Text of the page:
A few days ago John Major Jenkins (JMJ) posted a text he has entitled “Heretics: Truth Tellers Who Upset the Protectors of Consensus Lies.” In the text he attacks those people that have criticized his ideas. I am not mentioned by name but I am sure he sees me as a “protector of consensus lies”. The text is interesting in that it reveals once again that JMJ sees himself as an extraordinarily thinker. In this particular piece he associates his “fate” with the fate of people like Bruno, Copernicus, Galilei, etc. Once considered heretics they turned out to be winners in the long-term. Clearly he sees himself as victorious in the long run. Whereas Copernicus and Galilei changed the worldview in a profound way, one has to be trapped inside one’s own thinking if one is to believe the galactic alignment theory will revolutionize our worldview. It could potentially change Maya studies and in fact only a tiny part of Maya studies for that matter.
I have said this before, and I repeat it here, I have no major problems with his galactic alignment theory as such. In my first published article (2000) I even referred to it. I quote myself:
Jenkins (1998) believes that the Maya calculated when the winter-solstice sun (as the First Father) will rise in a dark area in the Milky Way (which symbolised the First Mother’s vagina). This will happen on 21 December 2012, and the Maya may have believed that a new Long Count cycIe would be born through this cosmic fertilization. In this view, the Long Count was a sort of countdown to the end of time and its rebirth. If this was the case, the Maya or other peoples may have had this knowledge long before the earliest Long Count inscriptions around 37 B.C. [should be 36 B.C.].We now know that large and hierarchical societies existed in the Maya lowlands in the Middle PrecIassic at Nakbe and even earlier societies among the Olmecs.
Since then I have become more familiar with Maya cosmology and with the New Age associations I found in later readings of JMJ’s work. I do believe that the Maya understood the precession of the equinoxes but I do not believe it was the crucial part of the Long Count. Neither do I believe there were multiple World Ages associated with the precession (for the Maya area) and the Long Count. Those are issues that one can debate from a scientific point of view.
What I reject with JMJ’s work is the part that links the galactic alignment with what he terms “very profound metaphysical ideas”. It is here he sets up a dichotomy between “perennial philosophy” and “scientific materialism”. Apparently the latter term is self-evident in JMJ’s view because he does not explain what it means. I highly doubt that any of JMJ’s critiques are what the truly limited concept of scientific materialism means. Instead JMJ uses it as a straw man in a derogatory manner. It basically only exists in his own writing, which ironically, is the same thing he criticizes John Hoopes’ term “Mayanism” for. The difference it, of course, that Hoopes has a much broader perspective and defines the way he uses the term (and it is not a “concentration camp”).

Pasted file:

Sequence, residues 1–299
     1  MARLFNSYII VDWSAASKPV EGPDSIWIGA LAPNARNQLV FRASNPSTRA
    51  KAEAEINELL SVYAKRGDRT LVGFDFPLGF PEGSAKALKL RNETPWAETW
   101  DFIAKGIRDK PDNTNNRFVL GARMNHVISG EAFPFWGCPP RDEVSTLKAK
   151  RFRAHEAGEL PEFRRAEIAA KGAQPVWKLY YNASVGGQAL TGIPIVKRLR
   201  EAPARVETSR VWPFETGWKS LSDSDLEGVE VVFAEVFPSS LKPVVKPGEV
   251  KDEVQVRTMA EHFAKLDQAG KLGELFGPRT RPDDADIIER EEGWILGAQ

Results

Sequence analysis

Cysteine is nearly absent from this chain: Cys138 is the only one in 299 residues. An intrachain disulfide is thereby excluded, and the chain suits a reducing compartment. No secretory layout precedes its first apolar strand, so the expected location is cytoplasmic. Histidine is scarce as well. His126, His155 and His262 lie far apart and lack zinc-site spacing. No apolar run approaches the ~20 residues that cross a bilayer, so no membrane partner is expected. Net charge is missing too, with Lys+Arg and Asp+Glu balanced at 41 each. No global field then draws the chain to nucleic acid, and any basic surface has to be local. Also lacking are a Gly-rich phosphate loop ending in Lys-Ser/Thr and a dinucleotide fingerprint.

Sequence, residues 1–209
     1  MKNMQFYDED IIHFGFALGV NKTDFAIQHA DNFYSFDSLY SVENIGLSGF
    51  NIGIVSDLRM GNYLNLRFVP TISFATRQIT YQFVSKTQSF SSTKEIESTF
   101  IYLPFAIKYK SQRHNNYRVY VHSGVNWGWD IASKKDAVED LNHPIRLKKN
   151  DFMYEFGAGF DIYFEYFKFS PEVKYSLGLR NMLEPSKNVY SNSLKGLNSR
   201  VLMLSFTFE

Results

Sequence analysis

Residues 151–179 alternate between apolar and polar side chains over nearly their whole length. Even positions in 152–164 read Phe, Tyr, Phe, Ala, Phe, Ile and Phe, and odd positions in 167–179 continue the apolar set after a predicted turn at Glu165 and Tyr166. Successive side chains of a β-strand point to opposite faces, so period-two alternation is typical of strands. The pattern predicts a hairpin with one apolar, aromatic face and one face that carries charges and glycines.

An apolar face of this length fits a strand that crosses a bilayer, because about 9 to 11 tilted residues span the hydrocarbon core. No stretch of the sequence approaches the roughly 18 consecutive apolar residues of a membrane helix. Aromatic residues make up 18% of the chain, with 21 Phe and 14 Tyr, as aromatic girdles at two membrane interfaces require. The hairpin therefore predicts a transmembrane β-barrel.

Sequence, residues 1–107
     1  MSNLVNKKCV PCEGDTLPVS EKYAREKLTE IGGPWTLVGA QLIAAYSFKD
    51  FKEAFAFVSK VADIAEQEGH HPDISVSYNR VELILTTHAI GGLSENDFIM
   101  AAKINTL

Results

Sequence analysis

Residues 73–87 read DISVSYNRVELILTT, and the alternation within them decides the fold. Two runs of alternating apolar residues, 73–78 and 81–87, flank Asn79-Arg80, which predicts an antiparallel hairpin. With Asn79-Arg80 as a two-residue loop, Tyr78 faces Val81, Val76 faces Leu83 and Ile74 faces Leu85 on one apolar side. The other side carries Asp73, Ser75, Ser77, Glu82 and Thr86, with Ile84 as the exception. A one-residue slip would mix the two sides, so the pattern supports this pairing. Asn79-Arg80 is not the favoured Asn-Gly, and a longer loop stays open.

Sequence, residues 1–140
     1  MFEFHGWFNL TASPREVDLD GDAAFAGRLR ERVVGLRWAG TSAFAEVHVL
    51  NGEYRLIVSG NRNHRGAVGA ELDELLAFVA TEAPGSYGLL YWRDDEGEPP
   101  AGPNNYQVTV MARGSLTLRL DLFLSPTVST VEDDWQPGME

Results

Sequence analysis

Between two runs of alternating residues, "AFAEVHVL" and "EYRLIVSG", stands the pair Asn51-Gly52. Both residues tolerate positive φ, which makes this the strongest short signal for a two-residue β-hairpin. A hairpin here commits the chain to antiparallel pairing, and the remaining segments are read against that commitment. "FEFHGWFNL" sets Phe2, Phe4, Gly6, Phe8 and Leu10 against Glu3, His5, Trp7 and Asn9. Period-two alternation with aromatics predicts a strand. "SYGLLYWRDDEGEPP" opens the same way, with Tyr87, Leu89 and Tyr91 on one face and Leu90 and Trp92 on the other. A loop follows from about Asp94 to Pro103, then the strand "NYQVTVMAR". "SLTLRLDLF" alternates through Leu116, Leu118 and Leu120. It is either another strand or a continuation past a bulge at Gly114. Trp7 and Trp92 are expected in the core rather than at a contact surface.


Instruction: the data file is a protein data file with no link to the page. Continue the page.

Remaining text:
JMJ writes that “sometimes one even senses a lingering prejudice about the ancient Maya being “primitive” and incapable of sophisticated thinking”. Well, “senses” is in the eye of the beholder. One can easily turn that argument around. Why is JMJ’s view of Maya cosmology/astrology deemed to be advanced because it includes calculations and abstract thinking (qualities that we find in “scientific materialism”…)? Only a tiny part of the Maya archaeological record has anything to do with JMJ’s beloved celestial sphere. Most Maya were farmers and the remains of their activities are far more extensive than those made by ancient astronomers, but you have to walk away from the pyramids and range structures to see them. I have a “sense” that JMJ, in his transcendent metaphysical ivory tower sees the knowledge by farmers as “primitive” and “materialist”, not worthy his pioneering attention. Without the knowledge and skills of the Maya farmers there would not have been an infrastructure that could develop the Long Count in the first place. The farmers also survived the divine kings…
“Traditional” materialism is simply an inverted form of (German) idealism. The step from Hegel to Marx is not far. JMJ’s “scientific materialism straw man” is not defined so I cannot tell how it relates to the perennial philosophy he proposes. I have a hunch that they are mirror images of each other and therefore they are intertwined. By necessity JMJ’s idea is connected to a primordial truth associated with the galactic alignment. However, necessity is not necessary. There is no necessity in cosmos. This is not something told by “scientific materialism”, because that “paradigm” (whatever JMJ believes it is) is also based on necessity but of another sort. There is one way out of this dilemma and that will be revealed after the winter solstice has occurred.